Nutrition and diet play several important roles in the management of knee arthritis.

 

Knee osteoarthritis and weight reduction

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It has been medically shown that even modest weight loss makes a big difference to knee pain, as for each unit of weight lost there is a four-fold decrease in the unit of load on the knee.

As osteoarthritis of the knee often has a physical originating cause (eg. meniscal tear), it is obvious that even small people may suffer from arthritis. Being overweight, however, simply puts more strain on the joints and most sensible weight reduction regimes will benefit arthritis sufferers

You can check your ideal weight on average height and weight charts.


Obesity and increased burden of hip and knee joint disease in Australia: Results from a national survey. Ackerman IN and Osborne RH. BMC Musculoskelet Disord. 2012; 13: 254.

Obesity and osteoarthritis: more complex than predicted!. Pottie P, Presle N, Terlain B, Netter P, Mainard D and Berenbaum F. Ann Rheum Dis. 2006 Nov; 65(11): 1403–1405.

 

Anti-inflammatory fruits for arthritis

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Commonly available fruits, such as blueberries, raspberries and strawberries, and pomegranates have been shown to reduce arthritis pain and inflammation and are rich sources of several dietary bioactive compounds. Pomegranates appear to be particularly relevant. Olives and olive oil are also useful.


Dietary fruits and arthritis. Arpita Basu A, Schell J and Scofield RH. Food Funct. 2018 Jan 24; 9(1): 70–77.

 

Osteoarthritis and dietary supplements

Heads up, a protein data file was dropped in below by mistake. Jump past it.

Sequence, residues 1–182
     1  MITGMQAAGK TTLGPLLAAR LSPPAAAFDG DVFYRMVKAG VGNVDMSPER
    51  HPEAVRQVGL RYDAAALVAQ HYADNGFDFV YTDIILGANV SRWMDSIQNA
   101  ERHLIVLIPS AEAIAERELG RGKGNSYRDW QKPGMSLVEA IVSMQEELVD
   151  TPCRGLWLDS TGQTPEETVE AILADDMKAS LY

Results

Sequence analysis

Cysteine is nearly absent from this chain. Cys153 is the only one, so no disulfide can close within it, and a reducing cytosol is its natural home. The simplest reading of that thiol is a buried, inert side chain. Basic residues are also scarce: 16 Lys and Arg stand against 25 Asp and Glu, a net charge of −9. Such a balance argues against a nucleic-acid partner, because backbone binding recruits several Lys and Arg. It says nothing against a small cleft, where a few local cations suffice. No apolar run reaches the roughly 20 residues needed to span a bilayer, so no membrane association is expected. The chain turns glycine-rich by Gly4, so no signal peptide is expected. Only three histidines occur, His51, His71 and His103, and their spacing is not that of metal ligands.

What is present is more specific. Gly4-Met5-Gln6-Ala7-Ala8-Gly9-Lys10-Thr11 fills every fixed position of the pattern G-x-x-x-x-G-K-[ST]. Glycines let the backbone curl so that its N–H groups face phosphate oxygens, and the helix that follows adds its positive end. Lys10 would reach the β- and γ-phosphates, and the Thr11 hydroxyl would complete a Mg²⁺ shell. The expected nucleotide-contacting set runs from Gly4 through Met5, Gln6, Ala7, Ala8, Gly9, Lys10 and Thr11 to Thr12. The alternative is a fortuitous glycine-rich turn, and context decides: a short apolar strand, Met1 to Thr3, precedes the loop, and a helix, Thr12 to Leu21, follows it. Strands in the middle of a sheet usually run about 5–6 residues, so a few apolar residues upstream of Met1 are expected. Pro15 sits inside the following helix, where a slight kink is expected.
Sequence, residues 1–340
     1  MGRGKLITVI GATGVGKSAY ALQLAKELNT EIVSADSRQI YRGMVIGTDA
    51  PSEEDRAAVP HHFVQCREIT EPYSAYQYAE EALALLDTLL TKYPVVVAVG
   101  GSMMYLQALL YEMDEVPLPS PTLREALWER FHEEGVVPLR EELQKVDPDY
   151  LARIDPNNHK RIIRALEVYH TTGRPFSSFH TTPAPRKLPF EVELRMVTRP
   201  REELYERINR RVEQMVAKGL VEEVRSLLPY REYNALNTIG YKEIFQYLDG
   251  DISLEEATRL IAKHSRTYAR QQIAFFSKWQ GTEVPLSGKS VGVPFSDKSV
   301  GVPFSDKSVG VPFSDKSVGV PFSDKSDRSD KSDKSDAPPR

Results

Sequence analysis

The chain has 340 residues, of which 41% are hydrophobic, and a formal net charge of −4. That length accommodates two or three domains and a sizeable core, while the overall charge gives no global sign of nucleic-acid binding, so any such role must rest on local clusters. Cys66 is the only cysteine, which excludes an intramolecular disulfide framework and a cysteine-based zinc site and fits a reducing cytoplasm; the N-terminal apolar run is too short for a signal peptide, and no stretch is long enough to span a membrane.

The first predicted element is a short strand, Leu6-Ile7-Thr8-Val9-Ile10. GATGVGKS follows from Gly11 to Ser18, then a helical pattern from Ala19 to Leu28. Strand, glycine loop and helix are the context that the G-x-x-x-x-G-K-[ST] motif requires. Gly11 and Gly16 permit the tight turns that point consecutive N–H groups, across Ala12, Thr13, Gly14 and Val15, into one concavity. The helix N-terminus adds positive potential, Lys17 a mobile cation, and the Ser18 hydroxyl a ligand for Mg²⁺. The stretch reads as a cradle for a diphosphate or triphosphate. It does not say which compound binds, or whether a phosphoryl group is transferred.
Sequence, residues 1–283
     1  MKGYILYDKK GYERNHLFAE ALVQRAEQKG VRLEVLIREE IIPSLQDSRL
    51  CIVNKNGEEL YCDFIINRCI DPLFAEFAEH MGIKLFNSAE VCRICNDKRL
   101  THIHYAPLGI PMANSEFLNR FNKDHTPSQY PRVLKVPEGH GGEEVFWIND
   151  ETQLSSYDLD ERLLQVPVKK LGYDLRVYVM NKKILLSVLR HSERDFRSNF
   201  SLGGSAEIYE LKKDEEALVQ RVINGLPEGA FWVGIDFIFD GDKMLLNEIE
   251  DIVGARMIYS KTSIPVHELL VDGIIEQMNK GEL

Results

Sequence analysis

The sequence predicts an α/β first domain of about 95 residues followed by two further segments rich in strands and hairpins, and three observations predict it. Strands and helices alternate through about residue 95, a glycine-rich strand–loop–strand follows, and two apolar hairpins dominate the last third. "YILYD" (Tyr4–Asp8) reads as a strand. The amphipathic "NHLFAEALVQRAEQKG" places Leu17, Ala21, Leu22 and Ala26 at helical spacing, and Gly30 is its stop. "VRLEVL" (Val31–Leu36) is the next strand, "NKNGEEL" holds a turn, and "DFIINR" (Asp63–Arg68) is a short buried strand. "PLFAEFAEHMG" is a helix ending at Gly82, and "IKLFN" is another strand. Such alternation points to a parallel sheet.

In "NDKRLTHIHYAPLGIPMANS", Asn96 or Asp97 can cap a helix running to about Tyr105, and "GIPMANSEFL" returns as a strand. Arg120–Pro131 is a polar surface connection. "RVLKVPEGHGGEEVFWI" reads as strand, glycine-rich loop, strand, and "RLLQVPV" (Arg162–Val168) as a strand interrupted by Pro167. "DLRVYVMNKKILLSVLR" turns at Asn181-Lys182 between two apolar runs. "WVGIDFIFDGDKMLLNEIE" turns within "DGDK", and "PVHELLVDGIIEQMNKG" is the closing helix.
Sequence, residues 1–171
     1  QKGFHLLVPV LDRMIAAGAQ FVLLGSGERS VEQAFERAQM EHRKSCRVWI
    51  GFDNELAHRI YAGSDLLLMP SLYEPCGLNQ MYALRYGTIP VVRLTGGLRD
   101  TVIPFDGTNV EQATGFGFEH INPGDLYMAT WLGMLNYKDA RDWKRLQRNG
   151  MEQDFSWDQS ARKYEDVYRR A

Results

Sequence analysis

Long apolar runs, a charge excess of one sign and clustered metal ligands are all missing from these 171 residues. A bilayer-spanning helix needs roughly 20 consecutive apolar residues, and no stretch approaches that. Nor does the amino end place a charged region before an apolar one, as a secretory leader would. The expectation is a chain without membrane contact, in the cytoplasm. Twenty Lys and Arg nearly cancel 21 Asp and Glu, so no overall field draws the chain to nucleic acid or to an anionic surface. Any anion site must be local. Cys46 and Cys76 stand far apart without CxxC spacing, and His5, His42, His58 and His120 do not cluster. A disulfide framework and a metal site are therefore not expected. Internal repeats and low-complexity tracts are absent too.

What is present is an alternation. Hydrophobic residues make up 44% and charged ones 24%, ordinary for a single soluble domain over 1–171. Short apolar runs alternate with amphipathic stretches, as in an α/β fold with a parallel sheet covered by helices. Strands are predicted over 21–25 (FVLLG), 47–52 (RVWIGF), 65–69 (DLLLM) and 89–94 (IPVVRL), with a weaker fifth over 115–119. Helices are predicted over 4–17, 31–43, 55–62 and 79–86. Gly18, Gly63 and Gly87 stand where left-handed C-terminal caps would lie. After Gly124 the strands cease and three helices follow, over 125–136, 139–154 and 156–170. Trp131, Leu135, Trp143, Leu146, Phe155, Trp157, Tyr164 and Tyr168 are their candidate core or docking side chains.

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Certain supplements are of particular interest in arthritis -

  • omega 3 fatty acids - are known to reduce the production of inflammatory substances in the body. 2-4 gm per day are recommended. They are commonly obtained from fish oils such as cod liver oil, but vegetarian sources, eg walnuts, are also readily available.
  • glucosamine - recommended at doses of 1,500 mg per day, glucosamine appears to enhance cartilage production and reduce arthritic pain
  • chondroitin sulphate - recommended at doses of 1,200 mg a day. Appears to slow cartilage breakdown and also reduce arthritic pain.
  • MSM

A combination of glucosamine, chondroitin and MSM is the most economical way to take the last three supplements. The tablets can be quite large and a liquid drink is a palatable alternative.


Effects of glucosamine in patients with osteoarthritis of the knee: a systematic review and meta-analysis. Ogata T et al. Clin Rheumatol. 2018; 37(9): 2479–2487.

 

Smoking and osteoarthritis

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The relationship of smoking and osteoarthritis is unclear, but there seems to be an inverse relationship - that is, smoking may confer some protective effect against developing knee arthritis.


Smoking and osteoarthritis: a review of the evidence and its implications. Felson DT and Zhang Y. Osteoarthritis Cartilage. 2015 Mar; 23(3): 331–333.

Association between smoking and risk of knee osteoarthritis: a systematic review and meta-analysis. Kong L, Wang L, Meng F, Cao J and Shen Y. Osteoarthritis Cartilage. 2017 Jun;25(6):809-816. doi: 10.1016/j.joca.2016.12.020. Epub 2016 Dec 21.

 

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